Sometimes it feels like photographers are fighting an uphill battle against law enforcement. The irony in a member of the police requesting the public to stop taking photographs always baffles me. It’s akin to withholding evidence isn’t it? (Delete the picture and the evidence that was the picture is now gone.) Anyway, case in hand, a grumpy cyclist met a naive pseudo policeman and an argument happened.
Perhaps the tenuity of this particular non-story is the most interesting aspect. In this instance we have three mitigating factors. A cyclist as a passenger in a car, a police vehicle being driven by a citizen or PCSO (UK’s answer to a community police force with no real power) and a photograph that was never actually taken.
Seriously, no photograph. We can show you where it happened on Google Maps though:
John Stevenson, an avid Cambridgeshire cyclist who writes for Road.cc was passing this particular spot on his way to choir practice with his girlfriend and her children when he spotted a police vehicle badly parked in a bicycle lane. Not letting the opportunity pass they stopped the car and he got out to take a photograph of the alleged offence on his phone.
Except the photograph didn’t happen.
I couldn’t resist getting out to take a photo of the police car. If a car parked in a bike lane, forcing cyclists out into the traffic on a busy road isn’t parked badly, what is? As it happens I didn’t get the shot because I’m a total numpty with a phone camera.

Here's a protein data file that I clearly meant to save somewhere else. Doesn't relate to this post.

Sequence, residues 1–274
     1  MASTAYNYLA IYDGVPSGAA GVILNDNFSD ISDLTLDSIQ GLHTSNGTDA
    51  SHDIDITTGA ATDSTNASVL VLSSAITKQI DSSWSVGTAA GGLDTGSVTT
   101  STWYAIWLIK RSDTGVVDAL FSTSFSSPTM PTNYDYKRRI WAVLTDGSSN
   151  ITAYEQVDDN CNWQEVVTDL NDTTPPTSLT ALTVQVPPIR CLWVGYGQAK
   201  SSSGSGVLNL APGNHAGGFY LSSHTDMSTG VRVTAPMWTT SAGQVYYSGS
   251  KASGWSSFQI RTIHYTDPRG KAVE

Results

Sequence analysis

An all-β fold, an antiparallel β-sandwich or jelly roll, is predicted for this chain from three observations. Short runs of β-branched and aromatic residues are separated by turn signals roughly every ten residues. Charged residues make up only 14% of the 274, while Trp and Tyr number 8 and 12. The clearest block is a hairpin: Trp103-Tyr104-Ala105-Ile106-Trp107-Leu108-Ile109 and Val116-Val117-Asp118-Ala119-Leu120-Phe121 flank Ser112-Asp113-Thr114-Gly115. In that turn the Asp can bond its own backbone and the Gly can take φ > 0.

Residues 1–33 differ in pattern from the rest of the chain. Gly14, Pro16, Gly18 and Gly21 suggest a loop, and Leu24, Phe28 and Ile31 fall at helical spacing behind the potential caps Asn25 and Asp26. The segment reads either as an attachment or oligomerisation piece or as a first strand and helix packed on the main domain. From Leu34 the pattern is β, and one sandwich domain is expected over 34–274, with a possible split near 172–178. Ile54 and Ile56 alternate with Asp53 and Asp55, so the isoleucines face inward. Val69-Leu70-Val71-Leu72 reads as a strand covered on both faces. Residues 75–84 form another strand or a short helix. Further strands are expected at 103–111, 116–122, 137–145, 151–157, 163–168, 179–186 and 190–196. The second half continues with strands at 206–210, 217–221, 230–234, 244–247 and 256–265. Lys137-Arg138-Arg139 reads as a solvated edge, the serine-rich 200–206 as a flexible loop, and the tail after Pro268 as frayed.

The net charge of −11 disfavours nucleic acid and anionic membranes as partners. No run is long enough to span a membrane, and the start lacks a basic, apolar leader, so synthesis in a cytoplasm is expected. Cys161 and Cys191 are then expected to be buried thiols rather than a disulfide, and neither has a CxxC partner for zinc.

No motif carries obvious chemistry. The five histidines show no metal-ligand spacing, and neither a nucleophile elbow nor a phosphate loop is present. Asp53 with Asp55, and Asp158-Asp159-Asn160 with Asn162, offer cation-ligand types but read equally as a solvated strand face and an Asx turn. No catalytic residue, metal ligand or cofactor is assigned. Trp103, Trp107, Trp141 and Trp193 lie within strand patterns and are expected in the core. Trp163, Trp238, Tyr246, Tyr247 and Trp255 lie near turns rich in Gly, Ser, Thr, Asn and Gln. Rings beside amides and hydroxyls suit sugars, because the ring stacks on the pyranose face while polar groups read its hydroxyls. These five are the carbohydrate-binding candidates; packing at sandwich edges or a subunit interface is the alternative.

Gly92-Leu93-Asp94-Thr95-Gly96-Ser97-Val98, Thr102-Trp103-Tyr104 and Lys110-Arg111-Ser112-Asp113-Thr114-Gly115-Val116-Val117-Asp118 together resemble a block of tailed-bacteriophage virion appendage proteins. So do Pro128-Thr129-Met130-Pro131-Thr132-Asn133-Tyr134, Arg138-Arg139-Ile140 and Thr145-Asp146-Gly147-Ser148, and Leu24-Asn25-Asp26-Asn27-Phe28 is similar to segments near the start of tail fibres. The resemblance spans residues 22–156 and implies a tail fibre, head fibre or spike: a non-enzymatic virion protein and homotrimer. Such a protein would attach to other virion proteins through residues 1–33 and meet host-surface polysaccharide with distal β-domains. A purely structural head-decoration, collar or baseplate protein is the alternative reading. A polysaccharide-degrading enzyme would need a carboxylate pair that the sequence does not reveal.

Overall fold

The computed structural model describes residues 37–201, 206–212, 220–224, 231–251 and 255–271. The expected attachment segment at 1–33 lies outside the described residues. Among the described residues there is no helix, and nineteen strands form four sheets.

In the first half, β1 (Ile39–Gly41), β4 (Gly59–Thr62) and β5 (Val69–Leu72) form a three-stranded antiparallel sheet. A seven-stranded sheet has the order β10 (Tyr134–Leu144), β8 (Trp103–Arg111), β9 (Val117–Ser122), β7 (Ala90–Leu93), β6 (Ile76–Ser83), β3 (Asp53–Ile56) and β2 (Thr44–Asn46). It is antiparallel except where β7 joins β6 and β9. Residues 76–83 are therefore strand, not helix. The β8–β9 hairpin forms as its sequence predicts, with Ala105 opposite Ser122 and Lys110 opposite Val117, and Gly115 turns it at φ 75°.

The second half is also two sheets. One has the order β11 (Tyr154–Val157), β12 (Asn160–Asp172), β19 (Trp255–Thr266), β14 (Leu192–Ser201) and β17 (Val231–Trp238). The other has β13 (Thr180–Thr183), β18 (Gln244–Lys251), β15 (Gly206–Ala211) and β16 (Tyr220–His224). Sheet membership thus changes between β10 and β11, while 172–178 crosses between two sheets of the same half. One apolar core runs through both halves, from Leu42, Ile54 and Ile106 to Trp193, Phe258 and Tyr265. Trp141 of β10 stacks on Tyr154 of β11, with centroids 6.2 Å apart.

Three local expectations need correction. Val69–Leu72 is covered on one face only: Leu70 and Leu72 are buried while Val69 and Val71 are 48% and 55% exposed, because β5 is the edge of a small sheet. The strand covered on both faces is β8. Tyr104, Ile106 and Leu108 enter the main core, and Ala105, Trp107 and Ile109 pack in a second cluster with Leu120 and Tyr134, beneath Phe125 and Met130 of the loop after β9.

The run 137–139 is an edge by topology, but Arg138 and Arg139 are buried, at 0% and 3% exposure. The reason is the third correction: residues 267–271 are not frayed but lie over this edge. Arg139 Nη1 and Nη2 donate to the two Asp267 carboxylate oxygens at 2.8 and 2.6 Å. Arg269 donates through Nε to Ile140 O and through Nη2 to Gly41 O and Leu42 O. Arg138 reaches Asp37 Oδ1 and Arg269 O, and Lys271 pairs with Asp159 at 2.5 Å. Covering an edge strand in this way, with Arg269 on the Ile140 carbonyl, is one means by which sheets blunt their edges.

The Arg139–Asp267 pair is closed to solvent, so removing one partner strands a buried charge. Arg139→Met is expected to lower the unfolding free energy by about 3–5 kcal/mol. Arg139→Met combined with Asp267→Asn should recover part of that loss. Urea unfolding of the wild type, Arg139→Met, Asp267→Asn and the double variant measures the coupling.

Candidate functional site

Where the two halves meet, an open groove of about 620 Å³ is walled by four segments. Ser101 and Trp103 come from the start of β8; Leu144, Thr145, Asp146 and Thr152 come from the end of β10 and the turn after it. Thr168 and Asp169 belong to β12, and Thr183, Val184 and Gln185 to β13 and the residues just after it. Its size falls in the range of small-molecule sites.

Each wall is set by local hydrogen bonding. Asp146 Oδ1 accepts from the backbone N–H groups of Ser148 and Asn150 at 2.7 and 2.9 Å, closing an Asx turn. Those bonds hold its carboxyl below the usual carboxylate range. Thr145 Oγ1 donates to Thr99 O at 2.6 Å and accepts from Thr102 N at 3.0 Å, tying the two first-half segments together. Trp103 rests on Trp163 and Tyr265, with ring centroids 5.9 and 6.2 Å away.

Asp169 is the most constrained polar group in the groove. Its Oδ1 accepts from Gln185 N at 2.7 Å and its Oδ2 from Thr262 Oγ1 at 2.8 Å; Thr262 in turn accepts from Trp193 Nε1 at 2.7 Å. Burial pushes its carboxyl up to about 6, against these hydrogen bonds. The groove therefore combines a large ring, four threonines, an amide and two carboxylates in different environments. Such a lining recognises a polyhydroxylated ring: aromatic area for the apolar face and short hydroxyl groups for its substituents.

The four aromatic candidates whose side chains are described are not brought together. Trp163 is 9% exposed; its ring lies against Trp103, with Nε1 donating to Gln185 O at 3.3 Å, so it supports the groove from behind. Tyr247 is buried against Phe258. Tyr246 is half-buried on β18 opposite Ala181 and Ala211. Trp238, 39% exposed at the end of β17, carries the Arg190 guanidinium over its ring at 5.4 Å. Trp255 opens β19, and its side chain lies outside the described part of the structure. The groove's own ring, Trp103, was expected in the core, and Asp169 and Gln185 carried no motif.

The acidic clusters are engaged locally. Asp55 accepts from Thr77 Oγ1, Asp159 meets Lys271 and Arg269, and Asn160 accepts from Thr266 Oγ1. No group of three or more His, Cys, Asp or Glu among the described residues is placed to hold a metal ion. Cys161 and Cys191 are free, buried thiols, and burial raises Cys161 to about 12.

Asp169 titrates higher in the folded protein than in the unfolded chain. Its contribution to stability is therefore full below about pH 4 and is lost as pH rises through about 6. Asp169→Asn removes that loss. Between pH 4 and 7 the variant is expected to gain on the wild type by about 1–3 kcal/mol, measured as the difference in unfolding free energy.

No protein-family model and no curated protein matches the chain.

This is where the police officer (who isn’t a police officer) turned up to question Stevenson and threaten him with terrorism charges after refusing to give over his name, address and details. All for a photograph that wasn’t taken of a police car that was just badly parked by a cyclist who wasn’t on his bike. According to Stevenson’s blog post a small scuffle did break out but thankfully his freedom was left intact after the hobby bobby saw sense.
Phogotraphy‘s aim is to bring you stories lurking in the realm of photon based imagery production you may otherwise not have heard. We like to share stores and offer insight and opinion that comes straight out of left field. We’re not entirely sure what this was though. Non-story of the week or a crisis averted? Maybe just a slow day in the office.
The PCSO’s sergeant has since contacted Stevenson about the incident to apologize on his behalf and confirm that he should not have been threatened under terrorism offences for attempting to take a photograph of something in a public space.